Base Flow & Base Load

What base flow and base load are and how to use them.
Written by Josh Springfeld
Updated 7 months ago

Understanding your site's utility consumption when everything is off, is a great way to quickly identify any inefficiencies or potential leaks. The base flow function in SUMS is a useful tool for both water and gas meters. Similarly, base load can be used for electricity meters.

How is Base Flow and Base Load Calculated?

Both base flow and base load function the same way, where the average 15-minute consumption is calculated between the start and end times selected. This figure is then scaled to the relevant chart interval.

If the graph intervals are selected to daily or lower, base flow and base load are calculated on a daily basis where all plots in a specific day will be the same.

For example, the below chart shows the base flow between 1 am and 2 am in 15-minute intervals over 1 whole day. Here, the average 15-minute consumption between 1 am and 2 am is 7.5 L, and therefore is plotted as that over the entire day.

Next, we are looking at a graph with base flow enabled between 1 am and 2 am. As opposed to the previous example, this chart is in daily intervals over one week. Here, the base flow changes each day and has been scaled up to daily intervals. For example, on Friday the base flow was 480 L whereas on Saturday it was 960 L.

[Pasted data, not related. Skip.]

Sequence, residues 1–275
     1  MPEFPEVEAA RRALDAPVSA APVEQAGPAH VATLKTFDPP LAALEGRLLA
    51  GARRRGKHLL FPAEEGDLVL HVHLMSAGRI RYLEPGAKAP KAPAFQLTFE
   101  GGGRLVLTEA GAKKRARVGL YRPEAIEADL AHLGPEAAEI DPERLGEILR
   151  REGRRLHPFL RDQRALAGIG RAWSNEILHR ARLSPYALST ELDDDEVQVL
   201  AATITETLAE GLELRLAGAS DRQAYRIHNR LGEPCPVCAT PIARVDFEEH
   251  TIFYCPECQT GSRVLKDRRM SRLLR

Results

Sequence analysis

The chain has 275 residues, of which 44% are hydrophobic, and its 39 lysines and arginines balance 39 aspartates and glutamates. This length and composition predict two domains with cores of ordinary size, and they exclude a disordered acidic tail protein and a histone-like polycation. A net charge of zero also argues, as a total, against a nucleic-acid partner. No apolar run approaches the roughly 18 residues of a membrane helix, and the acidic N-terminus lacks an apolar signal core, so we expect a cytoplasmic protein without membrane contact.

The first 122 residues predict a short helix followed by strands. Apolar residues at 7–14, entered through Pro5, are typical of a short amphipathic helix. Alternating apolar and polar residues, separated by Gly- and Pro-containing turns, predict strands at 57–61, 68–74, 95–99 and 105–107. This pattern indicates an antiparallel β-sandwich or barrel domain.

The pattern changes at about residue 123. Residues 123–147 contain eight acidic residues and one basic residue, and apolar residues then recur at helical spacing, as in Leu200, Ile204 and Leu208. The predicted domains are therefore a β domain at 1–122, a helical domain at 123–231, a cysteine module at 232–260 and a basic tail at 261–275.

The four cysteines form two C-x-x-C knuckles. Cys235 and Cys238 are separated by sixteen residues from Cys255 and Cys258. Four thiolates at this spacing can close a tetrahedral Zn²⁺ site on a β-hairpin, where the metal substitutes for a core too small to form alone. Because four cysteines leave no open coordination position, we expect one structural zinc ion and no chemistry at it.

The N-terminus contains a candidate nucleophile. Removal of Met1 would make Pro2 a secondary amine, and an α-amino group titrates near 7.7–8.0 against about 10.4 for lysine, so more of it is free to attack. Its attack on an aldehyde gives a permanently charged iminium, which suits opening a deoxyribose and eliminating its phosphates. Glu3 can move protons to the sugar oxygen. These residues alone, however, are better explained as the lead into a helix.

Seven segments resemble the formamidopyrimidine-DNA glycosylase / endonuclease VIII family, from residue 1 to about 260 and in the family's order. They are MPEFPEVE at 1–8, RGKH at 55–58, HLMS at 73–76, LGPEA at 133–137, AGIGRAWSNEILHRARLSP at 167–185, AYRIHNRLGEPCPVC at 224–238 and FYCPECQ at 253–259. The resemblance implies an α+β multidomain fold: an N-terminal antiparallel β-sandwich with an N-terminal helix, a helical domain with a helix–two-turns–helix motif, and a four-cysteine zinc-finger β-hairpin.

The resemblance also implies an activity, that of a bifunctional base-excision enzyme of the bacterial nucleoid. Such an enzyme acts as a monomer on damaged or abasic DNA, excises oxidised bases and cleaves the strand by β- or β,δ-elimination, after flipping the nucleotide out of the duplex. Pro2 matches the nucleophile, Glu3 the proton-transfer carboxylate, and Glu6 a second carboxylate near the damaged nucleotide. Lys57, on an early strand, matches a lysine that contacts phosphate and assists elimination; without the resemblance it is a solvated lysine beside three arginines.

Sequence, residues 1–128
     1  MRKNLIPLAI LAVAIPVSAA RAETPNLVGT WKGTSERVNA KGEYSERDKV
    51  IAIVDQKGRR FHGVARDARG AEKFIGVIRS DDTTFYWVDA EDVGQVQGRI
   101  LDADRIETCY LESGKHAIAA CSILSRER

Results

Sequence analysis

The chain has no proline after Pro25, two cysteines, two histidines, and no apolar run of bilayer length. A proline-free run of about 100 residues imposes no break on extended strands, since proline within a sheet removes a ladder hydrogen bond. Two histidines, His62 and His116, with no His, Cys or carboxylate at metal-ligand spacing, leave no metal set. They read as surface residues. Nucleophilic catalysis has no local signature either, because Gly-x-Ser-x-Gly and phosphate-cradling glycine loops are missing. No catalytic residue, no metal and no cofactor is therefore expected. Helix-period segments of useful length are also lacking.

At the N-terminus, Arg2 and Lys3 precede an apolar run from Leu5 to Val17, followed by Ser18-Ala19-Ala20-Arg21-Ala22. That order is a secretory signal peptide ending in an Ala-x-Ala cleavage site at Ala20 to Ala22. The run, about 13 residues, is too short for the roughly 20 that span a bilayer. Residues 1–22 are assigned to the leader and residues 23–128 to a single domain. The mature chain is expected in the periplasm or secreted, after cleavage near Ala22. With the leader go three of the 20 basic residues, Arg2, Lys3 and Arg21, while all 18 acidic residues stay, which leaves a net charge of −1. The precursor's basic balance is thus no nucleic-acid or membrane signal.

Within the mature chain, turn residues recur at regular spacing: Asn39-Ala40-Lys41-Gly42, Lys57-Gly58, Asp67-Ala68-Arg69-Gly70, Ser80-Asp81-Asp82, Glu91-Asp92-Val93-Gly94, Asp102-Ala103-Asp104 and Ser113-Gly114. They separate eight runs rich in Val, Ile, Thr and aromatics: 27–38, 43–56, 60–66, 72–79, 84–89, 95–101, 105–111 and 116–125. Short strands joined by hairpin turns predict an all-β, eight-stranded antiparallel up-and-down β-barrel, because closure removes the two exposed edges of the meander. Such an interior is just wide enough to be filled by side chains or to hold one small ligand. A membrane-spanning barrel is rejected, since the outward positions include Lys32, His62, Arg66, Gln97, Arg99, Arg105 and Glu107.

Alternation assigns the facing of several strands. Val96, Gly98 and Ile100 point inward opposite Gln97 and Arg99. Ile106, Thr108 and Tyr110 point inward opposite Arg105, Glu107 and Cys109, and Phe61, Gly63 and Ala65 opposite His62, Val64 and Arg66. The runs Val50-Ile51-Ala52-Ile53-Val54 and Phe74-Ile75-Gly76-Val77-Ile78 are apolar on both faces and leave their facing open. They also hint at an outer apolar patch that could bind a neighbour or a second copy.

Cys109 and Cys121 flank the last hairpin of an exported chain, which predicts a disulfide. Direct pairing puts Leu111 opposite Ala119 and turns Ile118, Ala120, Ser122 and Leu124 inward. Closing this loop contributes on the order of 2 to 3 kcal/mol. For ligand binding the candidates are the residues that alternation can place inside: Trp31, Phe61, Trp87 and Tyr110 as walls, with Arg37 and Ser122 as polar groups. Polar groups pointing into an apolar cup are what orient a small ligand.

How to enable Base Flow and Base Load?

To enable either base flow, or base load, you click the enable button to the right underneath the chart.

Here, you can also select a From time and To time, which will be used in the calculations.

Useful Notes

Base Flow Combined with Hiding Meters

Combining the base flow and hide meters functions can be utilised to quickly find inefficiencies over a long period of time.

The below example is looking between Jan 1, 2021, and Sep 8, 2021, in daily intervals with base flow enabled between 1 am and 3 am. By clicking on the regular meter in the legend, only the base flow will appear in the chart. As you can see, there are four spikes in consumption, each indicative of a potential leak or irregularity in consumption.

Irrigation & Other Consumption Variables.

When using base flow, it is important to select a period when there is no irrigation occurring. If this does happen, the base flow will often be higher than a regular day's consumption, and may falsely indicate any issues.

This is similar to other consumption variables, such as refilling water towers.

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